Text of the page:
Salads that aren't green - Potato salad, macaroni salad, Ambrosia/5-cup "salad"... all very yummy, and all not so great for my weight loss goals. As for whether I want my kids to eat these foods, I certainly let them try a small portion of anything being offered, but I don't make these rich foods the centerpiece of any meal. I let my kids know when something is a treat/special, and I don't force them to eat these foods especially if they say they don't like them (Caleb claims not to like potato or mac/pasta salad). I usually give myself a very small portion (think about 1/4 c at most) and only eat it if the first bite tastes good.

Desserts -
When we're on the road, especially for family visits, it's hard to say no to desserts. I have slightly different rules for me than for my kids. I eat desserts which seem worth it. Chocolate is worth it to me, especially as a homemade baked good. Store-bought baked goods probably aren't worth it. Ice cream is hit or miss as I have become an ice cream snob. For the kids, they have a small portion of dessert because I don't want to make any food off-limits or taboo to them. From a very young age, I tell them that dessert is not an everyday experience and that some foods are once-in-a-while foods. I let them know what foods are good growing foods, and I've been rather blunt about risks of eating out of proportion. My kids get really excited about watermelon as well as cupcakes, and I've seen both of them choose the fruit over the baked good. Maybe there is hope for them not to have quite the food struggles that I have. They know that we don't have baked goods and ice cream at home most nights, and I think they might start to make the association that dessert when on the road is something different from eating it all the time at home.

Restaurants - I haven't mentioned restaurants yet. Maybe it's because restaurants remain hard for me. For my kids, they don't read yet, so I can limit their choices to better options on the kids' menus. For me, I look for options with lots of vegetables but not necessarily salads. I look for foods which I know will fill me up more than a sandwich or a huge plate of pasta. Isn't it funny how eating a ton of pasta makes you feel full while you're at the restaurant but then you're hungry not long after leaving?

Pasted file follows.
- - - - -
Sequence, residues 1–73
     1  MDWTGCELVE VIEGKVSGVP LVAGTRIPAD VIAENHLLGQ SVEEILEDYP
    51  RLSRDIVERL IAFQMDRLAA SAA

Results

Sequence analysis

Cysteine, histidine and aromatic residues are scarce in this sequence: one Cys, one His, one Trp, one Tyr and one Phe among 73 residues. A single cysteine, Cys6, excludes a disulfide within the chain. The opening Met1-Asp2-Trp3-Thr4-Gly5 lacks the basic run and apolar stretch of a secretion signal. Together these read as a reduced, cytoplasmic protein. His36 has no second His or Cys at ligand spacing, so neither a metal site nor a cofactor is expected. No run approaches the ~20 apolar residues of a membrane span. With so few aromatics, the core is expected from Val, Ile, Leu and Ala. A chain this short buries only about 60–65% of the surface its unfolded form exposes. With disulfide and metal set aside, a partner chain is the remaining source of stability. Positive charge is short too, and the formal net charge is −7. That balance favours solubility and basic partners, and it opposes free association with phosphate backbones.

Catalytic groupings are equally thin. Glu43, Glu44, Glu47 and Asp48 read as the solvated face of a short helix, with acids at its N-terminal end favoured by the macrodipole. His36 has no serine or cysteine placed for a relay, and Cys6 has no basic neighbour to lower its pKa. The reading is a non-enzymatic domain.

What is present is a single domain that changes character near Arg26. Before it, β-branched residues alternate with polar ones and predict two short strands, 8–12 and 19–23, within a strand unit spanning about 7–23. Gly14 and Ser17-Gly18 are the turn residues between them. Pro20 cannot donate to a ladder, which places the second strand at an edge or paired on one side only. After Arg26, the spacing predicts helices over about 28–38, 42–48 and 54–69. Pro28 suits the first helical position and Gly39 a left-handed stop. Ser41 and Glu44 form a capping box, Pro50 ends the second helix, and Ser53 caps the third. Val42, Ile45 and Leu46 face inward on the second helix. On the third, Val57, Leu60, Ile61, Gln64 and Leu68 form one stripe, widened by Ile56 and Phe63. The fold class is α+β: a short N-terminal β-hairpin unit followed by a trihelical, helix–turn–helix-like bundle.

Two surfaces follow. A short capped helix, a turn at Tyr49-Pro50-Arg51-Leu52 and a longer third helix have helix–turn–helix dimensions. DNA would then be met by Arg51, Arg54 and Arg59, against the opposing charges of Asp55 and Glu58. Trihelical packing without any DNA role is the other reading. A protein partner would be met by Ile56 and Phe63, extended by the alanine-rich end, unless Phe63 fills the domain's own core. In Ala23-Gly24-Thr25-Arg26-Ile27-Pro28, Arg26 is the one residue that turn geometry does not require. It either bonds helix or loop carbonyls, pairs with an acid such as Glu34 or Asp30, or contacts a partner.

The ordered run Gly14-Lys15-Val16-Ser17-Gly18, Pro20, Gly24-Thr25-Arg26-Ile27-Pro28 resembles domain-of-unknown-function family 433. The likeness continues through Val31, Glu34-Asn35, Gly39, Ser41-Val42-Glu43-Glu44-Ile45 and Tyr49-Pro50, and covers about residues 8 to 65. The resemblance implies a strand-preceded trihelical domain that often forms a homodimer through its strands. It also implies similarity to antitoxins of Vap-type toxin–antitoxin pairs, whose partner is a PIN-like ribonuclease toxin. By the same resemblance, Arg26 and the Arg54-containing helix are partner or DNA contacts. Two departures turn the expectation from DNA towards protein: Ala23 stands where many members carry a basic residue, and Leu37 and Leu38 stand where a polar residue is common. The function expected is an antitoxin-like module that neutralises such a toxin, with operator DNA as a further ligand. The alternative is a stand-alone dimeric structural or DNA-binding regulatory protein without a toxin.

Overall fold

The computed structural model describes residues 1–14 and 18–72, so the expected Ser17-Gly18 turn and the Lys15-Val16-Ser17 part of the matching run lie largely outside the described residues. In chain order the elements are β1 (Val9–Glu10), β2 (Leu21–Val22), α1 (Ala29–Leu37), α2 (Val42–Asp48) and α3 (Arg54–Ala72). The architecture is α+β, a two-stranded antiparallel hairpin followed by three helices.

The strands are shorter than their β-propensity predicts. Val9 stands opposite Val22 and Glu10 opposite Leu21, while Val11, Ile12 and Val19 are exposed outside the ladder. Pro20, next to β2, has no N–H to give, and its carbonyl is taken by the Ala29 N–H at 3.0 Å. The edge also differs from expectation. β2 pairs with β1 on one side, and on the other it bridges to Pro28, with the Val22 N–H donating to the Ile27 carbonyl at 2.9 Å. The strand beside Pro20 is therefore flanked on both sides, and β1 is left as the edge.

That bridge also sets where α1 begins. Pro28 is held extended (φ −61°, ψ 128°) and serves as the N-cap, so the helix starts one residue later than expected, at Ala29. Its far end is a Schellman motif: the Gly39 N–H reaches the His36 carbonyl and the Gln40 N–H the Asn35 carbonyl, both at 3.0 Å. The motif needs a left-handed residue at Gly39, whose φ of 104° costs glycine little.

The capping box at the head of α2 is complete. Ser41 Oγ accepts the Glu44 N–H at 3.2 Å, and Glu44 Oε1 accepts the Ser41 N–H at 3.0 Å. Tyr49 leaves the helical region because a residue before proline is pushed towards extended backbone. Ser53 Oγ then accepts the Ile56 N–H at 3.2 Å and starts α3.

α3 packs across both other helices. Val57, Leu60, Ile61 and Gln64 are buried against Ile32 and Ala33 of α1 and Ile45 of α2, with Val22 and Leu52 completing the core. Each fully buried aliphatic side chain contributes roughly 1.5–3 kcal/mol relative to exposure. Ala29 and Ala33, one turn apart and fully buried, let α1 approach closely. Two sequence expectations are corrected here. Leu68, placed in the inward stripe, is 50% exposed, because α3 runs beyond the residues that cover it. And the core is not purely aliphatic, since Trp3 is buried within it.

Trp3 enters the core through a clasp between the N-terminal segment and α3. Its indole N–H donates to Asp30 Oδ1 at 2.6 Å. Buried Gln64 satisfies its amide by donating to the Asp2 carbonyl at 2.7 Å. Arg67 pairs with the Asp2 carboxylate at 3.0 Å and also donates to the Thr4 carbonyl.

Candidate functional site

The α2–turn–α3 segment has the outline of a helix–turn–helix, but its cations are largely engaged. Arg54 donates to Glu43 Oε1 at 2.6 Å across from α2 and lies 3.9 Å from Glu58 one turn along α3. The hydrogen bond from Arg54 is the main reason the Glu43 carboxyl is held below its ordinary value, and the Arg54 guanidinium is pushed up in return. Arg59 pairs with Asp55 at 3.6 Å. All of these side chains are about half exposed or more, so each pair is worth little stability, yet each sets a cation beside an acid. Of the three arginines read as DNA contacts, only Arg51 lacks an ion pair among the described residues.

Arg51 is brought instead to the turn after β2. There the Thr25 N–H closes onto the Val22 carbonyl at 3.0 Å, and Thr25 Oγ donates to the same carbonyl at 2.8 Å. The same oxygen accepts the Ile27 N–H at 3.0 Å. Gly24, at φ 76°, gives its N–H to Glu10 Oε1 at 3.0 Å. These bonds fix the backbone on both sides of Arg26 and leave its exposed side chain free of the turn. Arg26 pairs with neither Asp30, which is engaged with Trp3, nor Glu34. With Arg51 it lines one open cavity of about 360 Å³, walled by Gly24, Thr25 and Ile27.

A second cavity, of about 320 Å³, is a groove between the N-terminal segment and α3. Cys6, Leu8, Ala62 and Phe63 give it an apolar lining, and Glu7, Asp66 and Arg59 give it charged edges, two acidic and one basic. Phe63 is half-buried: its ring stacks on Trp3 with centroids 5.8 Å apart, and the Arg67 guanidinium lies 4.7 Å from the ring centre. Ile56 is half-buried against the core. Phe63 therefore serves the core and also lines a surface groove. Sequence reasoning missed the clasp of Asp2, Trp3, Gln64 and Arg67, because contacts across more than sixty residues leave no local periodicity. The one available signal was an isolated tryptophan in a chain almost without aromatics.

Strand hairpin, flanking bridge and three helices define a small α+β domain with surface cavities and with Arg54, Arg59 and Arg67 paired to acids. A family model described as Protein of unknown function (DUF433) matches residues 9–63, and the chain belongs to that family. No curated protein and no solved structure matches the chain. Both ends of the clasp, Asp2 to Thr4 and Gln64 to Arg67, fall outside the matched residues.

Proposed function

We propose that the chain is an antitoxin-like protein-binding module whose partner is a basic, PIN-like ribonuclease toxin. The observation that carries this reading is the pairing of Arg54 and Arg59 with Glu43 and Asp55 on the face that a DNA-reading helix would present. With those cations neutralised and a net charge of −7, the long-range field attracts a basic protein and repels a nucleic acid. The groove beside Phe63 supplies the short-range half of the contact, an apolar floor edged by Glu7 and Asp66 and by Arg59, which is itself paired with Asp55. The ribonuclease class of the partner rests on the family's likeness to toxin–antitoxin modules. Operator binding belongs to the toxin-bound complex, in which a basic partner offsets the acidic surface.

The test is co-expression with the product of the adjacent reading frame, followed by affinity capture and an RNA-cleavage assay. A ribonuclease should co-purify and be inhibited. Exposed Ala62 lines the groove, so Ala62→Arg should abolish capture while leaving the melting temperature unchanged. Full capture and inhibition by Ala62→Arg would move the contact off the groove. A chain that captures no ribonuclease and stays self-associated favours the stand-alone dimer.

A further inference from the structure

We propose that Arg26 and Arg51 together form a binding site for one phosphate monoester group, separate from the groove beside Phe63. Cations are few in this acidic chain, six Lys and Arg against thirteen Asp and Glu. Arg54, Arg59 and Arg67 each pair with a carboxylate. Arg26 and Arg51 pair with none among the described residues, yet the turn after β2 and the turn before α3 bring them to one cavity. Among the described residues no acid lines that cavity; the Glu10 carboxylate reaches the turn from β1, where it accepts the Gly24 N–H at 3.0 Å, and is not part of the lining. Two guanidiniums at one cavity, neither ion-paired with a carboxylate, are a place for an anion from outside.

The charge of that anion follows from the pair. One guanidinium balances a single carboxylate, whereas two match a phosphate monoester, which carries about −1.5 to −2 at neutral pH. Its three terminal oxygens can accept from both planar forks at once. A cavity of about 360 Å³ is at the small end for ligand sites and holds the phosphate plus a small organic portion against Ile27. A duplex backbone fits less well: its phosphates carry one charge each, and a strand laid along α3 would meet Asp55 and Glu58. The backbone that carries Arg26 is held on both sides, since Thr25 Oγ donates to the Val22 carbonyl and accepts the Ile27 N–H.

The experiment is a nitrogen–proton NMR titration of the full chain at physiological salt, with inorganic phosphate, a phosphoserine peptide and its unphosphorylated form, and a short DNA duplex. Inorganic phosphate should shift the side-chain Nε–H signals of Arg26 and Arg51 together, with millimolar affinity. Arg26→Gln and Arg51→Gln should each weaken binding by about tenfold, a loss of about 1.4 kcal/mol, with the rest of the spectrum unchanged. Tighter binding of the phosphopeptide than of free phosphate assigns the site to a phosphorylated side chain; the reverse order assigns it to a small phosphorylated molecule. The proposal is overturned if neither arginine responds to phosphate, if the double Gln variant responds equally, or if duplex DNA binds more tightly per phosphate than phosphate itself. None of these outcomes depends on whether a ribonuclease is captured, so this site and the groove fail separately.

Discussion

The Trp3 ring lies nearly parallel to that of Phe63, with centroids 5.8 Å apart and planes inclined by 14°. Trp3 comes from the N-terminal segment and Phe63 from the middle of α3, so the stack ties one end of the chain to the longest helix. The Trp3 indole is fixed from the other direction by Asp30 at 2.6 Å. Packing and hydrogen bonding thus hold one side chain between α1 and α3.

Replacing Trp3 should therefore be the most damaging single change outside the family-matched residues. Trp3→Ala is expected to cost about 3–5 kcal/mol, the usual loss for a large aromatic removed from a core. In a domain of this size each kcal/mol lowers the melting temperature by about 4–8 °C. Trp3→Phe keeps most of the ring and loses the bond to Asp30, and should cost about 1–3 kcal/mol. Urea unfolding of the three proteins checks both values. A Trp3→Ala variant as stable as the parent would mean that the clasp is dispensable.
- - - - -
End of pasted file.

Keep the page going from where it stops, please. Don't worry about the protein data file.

When we bought food on the streets of Manhattan, I looked for foods that were easily identified as "REAL FOOD" and not processed much. Yes, I had some of the hot pretzels we bought for the kids - several glorious delicious bites, in fact. For lunch, I saw burritos made fresh with grilled chicken and lots of veggies, rice, salsa, and other toppings. The kids had quesadillas; Aaron had chicken souvlaki, and I had one of the best burritos I've ever had. Sure, I could have bought a hot dog or some fried chicken or who-knows-what else on 6th Avenue. And no, the burrito probably wasn't the absolute best option for me that day. However, for road food, it was great. The portion seemed reasonable; it was delicious; it filled me up.

Anyway, I hope some of these late-night ramblings give you ideas for your next road trip. I remember stopping at all sorts of fast-food restaurants when on road trips as a kid. Other than the mall food court in Danbury, CT, I don't recall the last time my family went for fast-food on a road trip. It doesn't seem hard to me to avoid the drive-thru with my family, and maybe you will consider avoiding fast-food on your next trip.

1 comment:

  1. Hi. I'm a food industry reporter for the Wall Street Journal and am working on a story about snacking. I'd love to chat with you for the article. If you'd be interested in talking about this topic, please e-mail me at so that we can arrange a time to speak. Many thanks.